New Braunfels Herald Zeitung (Newspaper) - May 9, 1995, New Braunfels, Texas TUESDAYBerkman wins SWC Newcomer of the Year honor. Sports Day, page 5 50 CENTS The Landa Park train New Braunfels Herald 10 pages in one section ■ Tuesday, May 9, 1995 Serving Comal County for more than 143 years ■ Home of GEORGIA and MIKE DOERR Vol. 143, No. 127 Inside Obituaries.......................................2 Opinion...........................................4 Sports Day......................................5 Comics.....................................7 Whatley resigns as parks/rec director Birthday wishes from the Herald-Zeitung! The New Braunfels Herald-Zeitung extends birthday wishes to; Krystle Garcia, Jamaica Medrano, Lindsay Bottenfield, and Toby Maxam. Happy belated birthday wishes to Chat Cow-villon and Lauren Moore. Happy 25th Anniversary to Georgia and Mike Doerr. River conditions Guadalupe River 224 cfs Comal River............... 304    cfs * cfs - cubic feet per second Republican Women to hold Founders’ Day celebration. The Canyon Lake Republican Women invite the public to join them May 17 at the Canyon Lake Forest Civic Clubhouse for a combination Founders’ Day celebration and fund-raiser for 1995. A “Fun” time begins with happy hour (cash bar) at 6:30 p.m., followed by a unique program that should have vou rolling in the aisles. Food will be served following the program. Contact Ruby Swain at 889-3673 for tickets. The cost is $10 for a full evening of food and entertainment. Kids to suit up for eighth annual Toddler Run McKenna Memorial Hospital will sponsor the eighth annual Toddler Run on May 13. This is a community event that features a race for children between the ages of 10 months and 36 months. All participants will receive a 1995 Toddler Run t-shirt, a participant ribbon, and a grab bag of coupons and goodies from area merchants. Registration forms are available at the main desk in the hospital lobby. The completed form and th'e $5 entry fee must be received in the hospital development office by 4 p.m. on Thursday, May 11. Camp offers insight into Job of park rangers Youths between the ages of 11 and 17 may develop an understanding of local park ranger duties, responsibilities, job skills and tasks during the New Braunfels Parks and Recreation Department’s* Jr. Ranger Camp in Landa Park. They will also explore the natural world, visit the Comal Springs and historical city park areas, learn basic environmental citizenship, and participate in various activities environmental projects, outdoor sports, games, hikes, movies, adventure, swimming, etc. The Jr. Ranger Camp will be held on July 10, 11, and 12 from 10 a rn. to 5 p m. Pre-registration is required and is being taken at the parks office from May 1 to July 7. The fee is $35 per person. For more information, you may call the parks office at 608-2160 or come by the parks office at 11O Golf Course Road. By SUSAN FLYNT ENGLAND Staff Writer Ten-year Parks and Recreation Department Director David Whatley is moving on to greener pastures. He turned in his resignation last Thursday, City Manager Mike Shands said, and it becomes effective June 30. “David is going to enter into partnership in a family business,” Shands said. Whatley’s exit comes at a hectic time for the park system, with summer coming, a tuber exit under construction and a grant for parks improvements approved, Parks Board Chair Hal Herbelin said. “He’s going to be very difficult to replace,” he said. The city has already started a search for a new parks director, Shands said. “The position is being advertised locally, plus a statewide search,” he said. Applicants will need IO years’ experience in parks management within /    '    |    either the public or private I -    scctor ar|d a degree in parks administration or something, closely related, Shands said. Whatley came to New Braunfels with those qualifications. New Braunfels’ outstanding park system and prime location could attract quality candidates for Whatley’s position, Herbelin said. “I think we will attract a very good cross section,” he said. “I have a tremendous amount of faith in Mike Shands. Whatley’s easy going personality belies the huge responsibility he shouldered in his job as parks manager. “A lot of people don’t realize how much the park system encompasses — it’s a David Whatley mammoth job,” Shands said. The sheer numbers are staggering. Over 400.000 people come to New Braunfels to visit the parks each year, Shands said, and they spend up to $100 million in the city. “Schlitterbahn brings in about 600,000 people, which puts that figure into perspective,” Shands said. The miniature train carries about 75,000 to 80.000 riders a year. About 50,000 swim in the spring-fed pool. Fifty thousand slide down the tube shoot with paid admission and tens of thousands more do so from other entrances to the river, Shands said. “It’s certainly more than a full-time, all-time job,” Shands said. The park system has evolved into one of the more important aspects of the city of New Braunfels, Shands said, something for which we arc known nationwide. “Since David Whatley’s been here the city’s turned the whole park system around,” he said. Whatley’s accomplishments for the parks include xcriscaping the many landscaped areas, including neighborhood parks to cemeteries to traffic islands to the Plaza bandstand, Herbelin said. Whatley procured a $40,(XX) grant for the city to have a full-time biologist study the Comal Springs ecosystem, Herbelin said. “Whenever he wants to do something that involves the C omal River, he’s got to go through all types of federal and state bureaucracy,” Herbelin said. The biologist gives Whatley recommendations for Comal Springs management as well as producing research, he said. “This program will be passed on to the next parks manager,” Herbelin said. “This gives you the kind of foresight he has,” Herbelin said. “I think he’s one of the reasons the parks board has such a good working relationship with the parks department and the city.” Blaze guts mobile home Several Canyon Lake firemen stand outside a mobile home fire (top photo) while others are working to put the flames out inside the home Monday evening. The home is on Maverick Lane near Canyon Lake off Purgatory Road. According to Deputy Comal County Fire Marshal Al Bohne, the Canyon Lake VFD extinguished the fire quick enough so that the damage inside the home can be repaired. Most of the damage was in an inside bedroom, and Bohne estimated its cost at $15,000. The fire began after a kerosene lamp was knocked to the floor and caught fire. The blaze is still under investigation. Firefighters (left) take care of Paul Winsett after he left exhausted from fighting the fire. Herald-Zeitung photo by MICHAEL DARNALL Services available for HIV/AIDS patients By DENISE DZIUK Staff Writer This newspaper is printed on recycled newsprint Individuals suffering from the HIV/AIDS virus no longer have to travel to larger counties to receive the services they need thanks to a San Antonio based service agency that now provides unprecedented outreach services for individuals in rural areas. • Jerry Permenter, director of the Alamo Area Resource Center, said the decision to expand to rural counties was due to a prior neglect of these counties. “There’s a tremendous gap in services for the rural counties and it’s ridiculous. Someone needs to care for them, so I proposed that this center help them,” he said. Permenter said the demand is present, however it may be underrated. He said the number of cases may be too low due to the fact that people travel to larger cities, such as San Antonio, to obtain services. Permenter expects the presence of services in the county to reduce the number of individuals relying on other cities. According to the Texas Department of Health, there have been 24 diagnosed cases in Comal County from 1980-1994. For this same period, there were 13 deaths due to AIDS. Permenter said this number is slowly increasing due to a general denial and the belief “that AIDS is a gay disease.” The center offers a wide range of services, including mental health counseling, medical referrals, a food pantry, and transportation to and from doctor appointments. The center does not currently offer testing for the virus. The center will provide two case managers who will provide services throughout the area on a daily basis. The services became available on April I. The grant cycle, which funds the services, will end March 31, 1996. Permenter said if there is enough community support and referrals, the center will apply for an additional grant to maintain services. The center expanded its services to individuals with the virus in Public Health Region 8. This region includes Comal County, as well as Gonzales, Guadalupe, Kames, Atascosa, Frio, Medina, Bandera, Ken, Kendall, Gillespie and Wilson counties. Residents lining up to protest appraisals By DENISE DZIUK Staff Writer The Comal County Appraisal District has been busy hearing protests from residents concerning the average 11.4% increase in city property values this year. The increase in appraisals upset many residents. Some believed it was excessive, while others simply called it ludicrous. Lynn Rodgers, Chief Appraiser for the CCAD, said the increased appraisals resulted from an increase in the market value of property due to supply and demand. “Right now, in this city, demand is high and supply is low. That means an increase in value,” he said. However, Rodgers said the increase in property appraisals docs not automatically lead to an increase in taxes. He said the impact of the higher appraisals on taxes cannot be determined until the necessary revisions, if any, are made in the taxing budget. Citizens who want to protest their appraisals can do so by meeting with an appraiser to discuss it informally. Rodgers said that at the end of last week, 500 appointments had been made to discuss it informally. Two hundred have already been heard. Rodgers said an estimated 34 have requested a formal heanng with the Appraisal Review' Board. He said they are currently able to hear between 30 and 40 protests a day, which helps them from becoming backlogged with complaints. Rodgers said the citizens arc leaving the informal discussions with a better understanding of why the appraisal rates ‘We’re explaining the realty market and making very, very few adjustments. ... They aren’t really happy, but they’re able to understand.’ — Chief Appraiser Lynn Rodgers have increased, but no real changes are being made in the actual values. “We’re explaining the realty market and making very, very few adjustments. People arc leaving here with a better understanding of why there wits an increase. They aren’t really happy, but they’re able to understand,” he said. Rodgers said that overall, the number of protests are lighter than w hat was anticipated. However, people still ha\e time to protest. The deadline for tiling protests is May 31, or 30 days atter the postmark on the notice. Rodgers said this still leaves time for many more protests to come in He said they will continue to schedule appointments for protests in ordei to minimize the amount of waiting time and answer citizens’ questions as quickly as possible Golfers get reprieve on new fee ordinance By SUSAN FLYNT ENGLAND Staff Writer Regulars at the Landa Park Golf Course can golf with fees intact — for the next six months at least. The city council tabled an ordinance changing golf course fees and regulations for six months. “The fees are just too complicated,” a resident said. Landa Park Golf Course regulars wrangled over various details of the proposed fee structure, from reservation fees and their exemptions to membership categories to reservation methods. “Let’s hold off and try to go with what we have now,” Mayor Pro-Tern Chris Bowers said. Councilwoman Jan Kennady moved to table the fee change motion for six months. The motion to table passed four votes to three. Voting to table the motion were Councilwoman Mary Serold, Kennady, Bowers and Mayor Paul Fraser. Voting against tabling the fee change were Councilwoman Brenda Freeman, Councilman Ambrosio Benitez and Councilman Tim Walker. In other action, the city council unanimously decided to let incoming council members Juan Luis Martinez and C. Ray Schoch participate in approving the proposed city budget. “We’ve got two new people coming in who are going to have to live under that budget and for that reason I move to table,” Kennady said. City council gave a unanimous nod to developer Bill Lowman to buy a small parcel of city land he needs to build a motel on Thompson Street. Some residents of Kuehler had protested the presence of a motel near their neighborhood. Lowman showed his good faith to the area residents by applying to the Texas Department of Transportation for permission to have a motel entrance and exit to the 1-35 frontage road. He showed the written permission to city council members. Two entrances and exits are now planned for the motel, one set on the frontage road and one set on Thompson, Lowman said. No entrance or exit to the motel will be located on Kuehler Fraser issued a proclamation naming May 13, 1995, Food Dnve Day Ibis is when New Braunfels mail carriers will collect non-perishable food items along their routes. The food goes only to the New Braunfels food bank, S.Q.S. Last year mail carriers collected 15,000 pounds of food. Mail earners will be collecting county wide for the first time this year.Call 625-9144 for information about subscriptions to the Herald-Zeitung ;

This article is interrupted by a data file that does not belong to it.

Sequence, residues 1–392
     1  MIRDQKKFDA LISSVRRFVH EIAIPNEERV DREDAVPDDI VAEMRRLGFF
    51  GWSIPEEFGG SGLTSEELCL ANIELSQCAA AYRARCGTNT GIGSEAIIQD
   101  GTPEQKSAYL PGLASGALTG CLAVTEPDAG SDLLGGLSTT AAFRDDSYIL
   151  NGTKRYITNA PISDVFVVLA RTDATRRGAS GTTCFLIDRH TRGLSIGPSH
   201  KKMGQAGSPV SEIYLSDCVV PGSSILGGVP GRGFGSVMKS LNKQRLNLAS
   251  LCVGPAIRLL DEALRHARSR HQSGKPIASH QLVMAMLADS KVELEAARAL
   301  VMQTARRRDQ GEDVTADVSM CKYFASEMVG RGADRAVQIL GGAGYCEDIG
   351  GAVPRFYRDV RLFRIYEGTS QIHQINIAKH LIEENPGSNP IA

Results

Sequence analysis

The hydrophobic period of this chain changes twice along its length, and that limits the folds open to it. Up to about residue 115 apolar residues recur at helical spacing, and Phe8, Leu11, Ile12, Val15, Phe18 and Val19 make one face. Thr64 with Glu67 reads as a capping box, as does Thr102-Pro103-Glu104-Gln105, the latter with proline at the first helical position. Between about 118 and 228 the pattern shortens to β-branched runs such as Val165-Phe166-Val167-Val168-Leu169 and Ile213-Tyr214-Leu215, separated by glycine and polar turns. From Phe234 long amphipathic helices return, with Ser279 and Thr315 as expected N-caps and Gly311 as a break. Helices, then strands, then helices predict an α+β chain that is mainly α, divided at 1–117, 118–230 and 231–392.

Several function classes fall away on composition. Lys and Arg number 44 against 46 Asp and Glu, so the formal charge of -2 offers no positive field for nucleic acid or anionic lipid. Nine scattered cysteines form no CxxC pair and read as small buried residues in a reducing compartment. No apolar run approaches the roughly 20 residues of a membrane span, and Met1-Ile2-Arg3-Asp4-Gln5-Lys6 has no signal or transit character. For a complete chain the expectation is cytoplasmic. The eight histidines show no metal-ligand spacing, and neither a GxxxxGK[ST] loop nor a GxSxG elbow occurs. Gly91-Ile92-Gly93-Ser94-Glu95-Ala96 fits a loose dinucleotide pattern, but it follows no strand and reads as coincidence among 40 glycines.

RealCheck